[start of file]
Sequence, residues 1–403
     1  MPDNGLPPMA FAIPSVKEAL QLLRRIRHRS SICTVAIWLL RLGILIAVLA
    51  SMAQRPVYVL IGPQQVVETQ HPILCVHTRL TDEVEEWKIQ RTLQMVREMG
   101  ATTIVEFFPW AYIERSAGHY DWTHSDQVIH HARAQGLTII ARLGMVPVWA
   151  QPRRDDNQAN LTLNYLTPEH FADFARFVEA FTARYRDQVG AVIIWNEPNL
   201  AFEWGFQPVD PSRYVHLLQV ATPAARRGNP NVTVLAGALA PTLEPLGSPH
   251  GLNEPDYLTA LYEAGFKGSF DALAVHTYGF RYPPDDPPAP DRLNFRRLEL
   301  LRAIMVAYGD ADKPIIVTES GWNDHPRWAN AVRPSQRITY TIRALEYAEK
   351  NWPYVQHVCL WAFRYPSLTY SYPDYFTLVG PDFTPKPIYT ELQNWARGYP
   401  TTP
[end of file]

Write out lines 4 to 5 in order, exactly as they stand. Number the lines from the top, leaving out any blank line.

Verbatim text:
   101  ATTIVEFFPW AYIERSAGHY DWTHSDQVIH HARAQGLTII ARLGMVPVWA
   151  QPRRDDNQAN LTLNYLTPEH FADFARFVEA FTARYRDQVG AVIIWNEPNL